IC’s are present everywhere in today’s world from a small calculator, cellular phone to Rocket launching systems. Consumer electronics is growing each and every day and IC’s are one of the main reasons for the development of various products like cellular phones, game consoles like X-box, WII and play station, television, digital cameras etc. So in this article let us discuss about this amazing invention, their evolution and what the IC’s are capable of.
What is an Integrated Circuit?
An Integrated circuit is an association (or) connection of various electronic devices such as resistors, capacitors and transistors etched (or) fabricated to a semiconductor material such as silicon or germanium. It is also called as a chip or microchip. An IC can function as an amplifier, rectifier, oscillator, counter, timer and memory. Sometime ICs are connected to various other systems to perform complex functions.
The Evolution of Integrated Circuits
In the earlier days computers were designed with transistors and vacuum tubes. During these periods, computers were huge in size and their capability was limited. They needed a huge cooling system and performed very limited operations at a time.
During 1959 two different scientists invented IC’s. Jack Kilby from Texas Instruments made his first germanium IC during 1959 and Robert Noyce made his first silicon IC during the same year.
But ICs were not the same since the day of their invention. They have evolved a long way and the way in which they evolved is shown below.
SSI: SSI is Small Scale Integration which can support up to 100 electronic components per chip.
MSI: MSI is Medium Scale Integration which can support up to 3000 electronic components per chip.
LSI: LSI is Large Scale Integration which can support 100,000 electronic components in a single chip.
VLSI: VLSI is Very Large Scale Integration which can support 1,000,000 electronic components in a single chip.
ULSI: Ultra Large Scale Integration can support more than one million electronic components in a single chip.
Starting from 100 electronic components in a chip, ICs can support more than 1 million electronic components today. Such an invention has greatly benefited the evolution of computers. All the arithmetic, logic and memory functions can be performed by a single chip placed on the computer.
Types of ICs
ICs can be categorized into two types
- Analog or Linear ICs
- Digital ICs
Further there are certain ICs which can perform as a combination of both analog and digital functions.
Analog or Linear ICs can produce continuous output depending on the input signal. From the name of the IC we can deduce that the output is a linear function of the input signal. Op-amp (operational amplifier) is one of the types of linear ICs which are used in amplifiers, timers and counters, oscillators etc.
Unlike Analog ICs, Digital ICs never give a continuous output signal. Instead it operates only during defined states. Digital ICs are used mostly in microprocessor and various memory applications. Logic gates are the building blocks of Digital ICs which operate either at 0 or 1.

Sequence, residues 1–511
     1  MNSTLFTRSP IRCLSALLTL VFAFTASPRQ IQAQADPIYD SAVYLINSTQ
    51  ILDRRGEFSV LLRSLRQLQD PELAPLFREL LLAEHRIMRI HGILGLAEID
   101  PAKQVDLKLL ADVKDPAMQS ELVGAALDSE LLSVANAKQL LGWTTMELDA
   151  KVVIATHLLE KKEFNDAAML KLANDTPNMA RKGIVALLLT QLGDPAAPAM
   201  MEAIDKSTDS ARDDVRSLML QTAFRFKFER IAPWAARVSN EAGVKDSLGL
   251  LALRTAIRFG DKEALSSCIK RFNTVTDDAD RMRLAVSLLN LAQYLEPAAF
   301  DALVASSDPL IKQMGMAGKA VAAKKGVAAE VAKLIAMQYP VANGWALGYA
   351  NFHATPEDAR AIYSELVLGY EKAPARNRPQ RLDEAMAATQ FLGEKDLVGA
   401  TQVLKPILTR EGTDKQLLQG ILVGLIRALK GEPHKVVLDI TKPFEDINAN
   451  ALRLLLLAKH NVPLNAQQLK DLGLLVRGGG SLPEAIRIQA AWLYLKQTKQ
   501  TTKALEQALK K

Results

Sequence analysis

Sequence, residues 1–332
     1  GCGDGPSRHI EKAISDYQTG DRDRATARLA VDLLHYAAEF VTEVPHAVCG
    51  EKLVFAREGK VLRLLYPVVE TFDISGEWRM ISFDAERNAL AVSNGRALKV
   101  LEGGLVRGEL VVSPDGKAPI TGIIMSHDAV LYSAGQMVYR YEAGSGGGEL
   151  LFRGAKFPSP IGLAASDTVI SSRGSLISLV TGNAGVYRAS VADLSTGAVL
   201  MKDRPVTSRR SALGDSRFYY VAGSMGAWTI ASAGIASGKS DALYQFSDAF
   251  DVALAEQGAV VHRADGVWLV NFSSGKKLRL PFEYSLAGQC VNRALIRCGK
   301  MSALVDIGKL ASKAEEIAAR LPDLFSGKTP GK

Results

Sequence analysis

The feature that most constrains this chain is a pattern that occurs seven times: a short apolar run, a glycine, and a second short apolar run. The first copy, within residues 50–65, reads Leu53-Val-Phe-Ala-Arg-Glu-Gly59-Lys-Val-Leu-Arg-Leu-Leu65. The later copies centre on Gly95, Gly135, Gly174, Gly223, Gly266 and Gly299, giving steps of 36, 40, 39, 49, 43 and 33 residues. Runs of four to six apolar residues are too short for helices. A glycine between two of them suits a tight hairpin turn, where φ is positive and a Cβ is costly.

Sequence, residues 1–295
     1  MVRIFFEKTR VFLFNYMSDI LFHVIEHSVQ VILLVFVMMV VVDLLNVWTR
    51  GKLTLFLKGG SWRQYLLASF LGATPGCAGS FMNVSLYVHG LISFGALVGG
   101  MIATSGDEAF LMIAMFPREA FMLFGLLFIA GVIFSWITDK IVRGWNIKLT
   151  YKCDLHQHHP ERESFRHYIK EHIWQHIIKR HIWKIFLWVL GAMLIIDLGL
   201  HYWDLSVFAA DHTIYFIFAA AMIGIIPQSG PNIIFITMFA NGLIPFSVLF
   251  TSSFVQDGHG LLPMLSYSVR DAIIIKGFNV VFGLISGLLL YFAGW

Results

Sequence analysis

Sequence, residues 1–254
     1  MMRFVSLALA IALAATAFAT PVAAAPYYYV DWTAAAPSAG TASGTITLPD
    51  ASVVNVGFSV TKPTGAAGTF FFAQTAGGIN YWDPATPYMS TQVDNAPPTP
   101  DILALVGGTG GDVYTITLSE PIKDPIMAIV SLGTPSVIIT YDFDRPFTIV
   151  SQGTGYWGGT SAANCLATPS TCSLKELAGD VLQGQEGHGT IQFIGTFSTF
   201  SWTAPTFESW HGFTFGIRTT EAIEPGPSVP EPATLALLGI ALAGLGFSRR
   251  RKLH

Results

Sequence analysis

How to make a IC Chip?
Chips are usually made in plants which are called as FABS. There are various precautions which have to be observed before making a chip. We know that chip’s are very small in size; hence production of each and every chip involves precision at atomic levels. Even very small particles like dust, hair etc. have the ability to ruin a chip and its performance. So the chip making process should be carried in a very clean room with specially made furniture and air circulation systems. The workers are given a special type of suit called ‘Bunny suit’ to prevent hair fall and other contaminations during chip manufacturing process.
Chip Manufacturing is a very complex process as it involves very high level of precision. The following steps are involved in chip manufacturing process.
- The first step in the process of chip manufacturing is the melting and refining of sand to produce 99.9% pure silicon ingots. This process is done with the help of FABS.
- Then a SAW is used to cut the ingots into several wafers. They are cleaned thoroughly and multiple chips can be made from a single wafer.
- Now over the silicon wafer, a non-conducting layer of silicon-di-oxide is grown. Then a photosensitive chemical called photoresist is used to cover the layer of silicon-di-oxide.
- To harden the layer of silicon-di-oxide, it is subjected to ultraviolet radiation. The unexposed parts of the layers are etched away with the help of hot gases. The silicon base and silicon-di-oxide layer are further etched to varying depths. This process of hardening photoresist is called photolithography. Photolithography can be continued any number of times with different masks, so as to get a more complex design.
- The photoresist created using photolithography is then stripped away from the chip. The electrical conductivity of certain parts of the chip can be altered by doping chemicals along with heat and pressure.
- Now for creating conducting paths between the components, the chip is covered with a thin layer of aluminum and the lithography and etching process is done again to remove everything except the thin conducting pathways.
- After the completion of process, every chip is tested to analyze its performance. Good chips are separated from the wafer using a diamond saw and the bad chips which failed the tests are disposed.
To get a clear idea of the chip making process you can refer the diagram below